Parkville, Maryland—Dolores Andrew may have "retired" after 25 years as an adjunct professor at the Community College of Baltimore County. But she hasn't stopped working.
A professional artist and a designer with a BFA degree from Syracuse University and an MFA in Art Education from the Maryland Institute College of Art, Mrs. Andrew currently serves as an instructor, a published author on topics in art history, a guest lecturer and a jurist at shows across the mid-Atlantic.
She has resided at Oak Crest, an Erickson Living retirement community in northeast Baltimore County, with her husband, Hugh, since 2004.
"Hugh is my 'roadie', and we enjoy traveling immensely. Living at Oak Crest has given us a feeling of security and comfort while we are on the road. We are busy but enjoying new experiences at each location," described Mrs. Andrew.
A sampling of her schedule in 2018 is proof of that dedication.
In February, she judged a prestigious needlework show at Woodlawn Plantation in Alexandria, Virginia. In March, she spent eight days at the annual Assembly of the National Academy of Needlearts (NAN) in Troy, Michigan. A certified Master Teacher and Master Judge, Mrs. Andrew judged the Exemplary, an exhibit of needleart designed and stitched by the top professional and non-professional needle workers in the United States.
In April, Mrs. Andrew spent time in Garret County, Maryland for an embroidery workshop and teaching.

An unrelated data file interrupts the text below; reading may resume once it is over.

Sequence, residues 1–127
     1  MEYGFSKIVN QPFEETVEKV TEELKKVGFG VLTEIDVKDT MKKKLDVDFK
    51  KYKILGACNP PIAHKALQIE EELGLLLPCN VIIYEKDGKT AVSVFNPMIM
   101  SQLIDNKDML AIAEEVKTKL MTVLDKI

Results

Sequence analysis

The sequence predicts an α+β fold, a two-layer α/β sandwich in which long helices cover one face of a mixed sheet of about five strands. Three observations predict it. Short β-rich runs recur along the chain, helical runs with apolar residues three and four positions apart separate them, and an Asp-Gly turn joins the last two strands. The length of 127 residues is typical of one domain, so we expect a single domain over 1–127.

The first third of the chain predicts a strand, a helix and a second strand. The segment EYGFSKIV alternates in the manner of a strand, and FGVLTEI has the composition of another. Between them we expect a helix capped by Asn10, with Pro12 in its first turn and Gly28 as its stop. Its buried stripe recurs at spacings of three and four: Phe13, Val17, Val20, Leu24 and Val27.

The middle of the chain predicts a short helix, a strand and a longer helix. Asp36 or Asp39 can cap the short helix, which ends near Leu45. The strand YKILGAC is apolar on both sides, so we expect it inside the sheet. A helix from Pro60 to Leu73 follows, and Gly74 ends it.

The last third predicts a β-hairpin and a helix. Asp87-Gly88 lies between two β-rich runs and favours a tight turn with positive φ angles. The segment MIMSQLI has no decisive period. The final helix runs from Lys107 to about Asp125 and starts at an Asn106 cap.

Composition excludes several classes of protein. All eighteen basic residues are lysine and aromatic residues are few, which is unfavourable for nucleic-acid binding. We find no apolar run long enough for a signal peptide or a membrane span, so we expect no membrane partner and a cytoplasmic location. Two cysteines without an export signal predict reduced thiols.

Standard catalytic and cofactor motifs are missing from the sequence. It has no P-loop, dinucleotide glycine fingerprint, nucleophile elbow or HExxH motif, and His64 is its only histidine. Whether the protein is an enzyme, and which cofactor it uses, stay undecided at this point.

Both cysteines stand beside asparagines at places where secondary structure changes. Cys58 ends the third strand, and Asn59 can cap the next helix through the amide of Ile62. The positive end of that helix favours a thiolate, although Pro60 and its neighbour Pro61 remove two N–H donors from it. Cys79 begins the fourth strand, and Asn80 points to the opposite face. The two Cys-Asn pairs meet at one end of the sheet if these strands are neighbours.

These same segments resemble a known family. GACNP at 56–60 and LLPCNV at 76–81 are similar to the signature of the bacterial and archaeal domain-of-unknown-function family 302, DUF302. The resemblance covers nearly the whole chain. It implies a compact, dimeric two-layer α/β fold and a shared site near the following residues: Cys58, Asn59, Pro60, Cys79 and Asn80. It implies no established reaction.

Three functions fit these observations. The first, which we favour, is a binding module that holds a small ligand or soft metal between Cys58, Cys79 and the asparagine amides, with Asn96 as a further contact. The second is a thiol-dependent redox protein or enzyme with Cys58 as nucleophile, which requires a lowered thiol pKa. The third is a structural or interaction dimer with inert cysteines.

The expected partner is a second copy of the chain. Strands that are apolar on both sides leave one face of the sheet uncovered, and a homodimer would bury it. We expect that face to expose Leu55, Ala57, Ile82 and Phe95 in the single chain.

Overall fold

The summer months are no vacation for Mrs. Andrew or her husband, either. They will be frequent visitors to the Eastern Shore of Maryland for more teaching assignments. In July and August, Mrs. Andrew will teach and participate in art programs with the Rehoboth Beach Historical Society, even serving as chair for its national show.
"I love turning people on to art. I've taught housewives and surgeons, and whether they are beginners or more advanced in their skills, the entire process is fascinating. I learn, too," noted Mrs. Andrew.
Her apartment home at Oak Crest is a short drive from her studio in nearby Riderwood where she hones her skills in many media. "Sometimes, it's fun to be able to relax and paint for pleasure in a quiet area," Mrs. Andrew said.
She has authored three books on art topics that span from medieval tapestry to Italian Renaissance textile designs, and she has embraced technology with her website, doloresandrewdesigns.com.
"The website is a marketing tool, but it's especially essential in the art community," noted Mrs. Andrew. "We can post my needlework designs, information about my books and a schedule of where I have been and where I will be going."
As one who is still engaged in her work, Mrs. Andrew is not alone. According to the Bureau of Labor Statistics, men and women working past the traditional retirement age are the fastest growing segment in the workforce. Labor force participation among 65 to 74 year olds is expected to reach 32 percent by 2022, up from 20 percent in 2002.
"There are good reasons to continue working," says Dorian Mintzer, Ph.D., a retirement transitions coach and co-author of The Couple's Retirement Puzzle. "Work can provide a sense of connection, engagement, purpose, and meaning, all essential components of well-being."
She is in good company with her peers at the community in northeastern Baltimore County.
"Our residents are amazing people," noted Mark Roussey, Executive Director of Oak Crest. "They are changing the traditional concept of retirement, taking advantage of opportunities to volunteer, travel and, in the case of Dolores, continue to pursue career endeavors. Our team is proud to offer them a worry-free environment so they can live to the fullest."
"Art continues to be my life's passion. It has taken me across the Chesapeake Bay and throughout the world, and I enjoy the entire experience immensely," said Mrs. Andrew.